In this recent testimony before the House Financial Services Committee, SEC Chair Mary Jo White stated: “as in other areas, the Commission is focused on holding individuals accountable in FCPA cases.” (emphasis added).
The numbers do not support White’s statement.
As highlighted in this recent post, since 2008 approximately 85% of SEC corporate FCPA enforcement actions have not (at least yet) resulted in any related SEC action against company employees.
Indeed, prior to the SEC’s November 2014 FCPA enforcement action against Stephen Timms and Yasser Ramahi (individuals who worked in sales at FLIR System Inc.) there was a 2.5 year gap in any SEC individual enforcement actions. During that 2.5 years, the SEC brought 19 corporate enforcement actions and not one involved any related SEC action against company employees.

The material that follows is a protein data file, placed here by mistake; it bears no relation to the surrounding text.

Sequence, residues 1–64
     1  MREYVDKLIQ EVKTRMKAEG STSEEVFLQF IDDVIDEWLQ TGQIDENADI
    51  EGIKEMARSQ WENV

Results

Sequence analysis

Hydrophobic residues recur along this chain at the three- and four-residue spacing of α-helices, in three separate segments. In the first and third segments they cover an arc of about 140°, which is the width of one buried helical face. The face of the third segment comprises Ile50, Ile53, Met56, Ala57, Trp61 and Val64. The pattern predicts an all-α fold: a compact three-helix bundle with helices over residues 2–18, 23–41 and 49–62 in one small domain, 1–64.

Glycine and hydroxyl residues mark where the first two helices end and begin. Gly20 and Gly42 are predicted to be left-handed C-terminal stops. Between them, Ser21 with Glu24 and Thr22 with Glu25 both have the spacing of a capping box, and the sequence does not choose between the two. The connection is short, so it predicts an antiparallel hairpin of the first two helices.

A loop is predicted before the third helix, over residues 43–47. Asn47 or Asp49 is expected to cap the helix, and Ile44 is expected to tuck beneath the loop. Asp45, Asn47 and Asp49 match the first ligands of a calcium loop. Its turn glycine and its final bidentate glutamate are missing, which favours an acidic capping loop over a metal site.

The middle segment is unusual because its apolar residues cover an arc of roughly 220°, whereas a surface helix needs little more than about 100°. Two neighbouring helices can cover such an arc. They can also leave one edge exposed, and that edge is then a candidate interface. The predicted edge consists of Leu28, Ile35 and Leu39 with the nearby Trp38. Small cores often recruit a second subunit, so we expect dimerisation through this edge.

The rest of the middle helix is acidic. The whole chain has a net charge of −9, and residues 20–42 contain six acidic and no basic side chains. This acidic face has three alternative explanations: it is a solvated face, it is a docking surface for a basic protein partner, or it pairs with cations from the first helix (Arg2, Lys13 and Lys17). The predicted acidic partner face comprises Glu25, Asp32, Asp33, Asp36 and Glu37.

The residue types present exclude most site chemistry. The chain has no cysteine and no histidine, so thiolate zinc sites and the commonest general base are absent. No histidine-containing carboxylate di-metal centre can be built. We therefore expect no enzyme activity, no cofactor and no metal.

As to the accountability portion of White’s statement, the two SEC individual FCPA enforcement during the last three years (the above Timms / Ramahi action and the January 2015 action against former PBSJ International employee Walid Hatoum) involved SEC administrative orders in which the individuals were allowed to settle without admitting or denying the SEC’s findings.
It is debatable what is more concerning.
A political actor making assertions without knowledge of and/or understanding of the underlying facts.
Or a political actor making assertions with knowledge of and/or understanding of the underlying facts, but making the political statement anyway.
Regardless of the cause or reason prompting Chair White’s recent statement, the numbers do not support her assertion that the SEC is “focused on holding individuals accountable in FCPA cases.”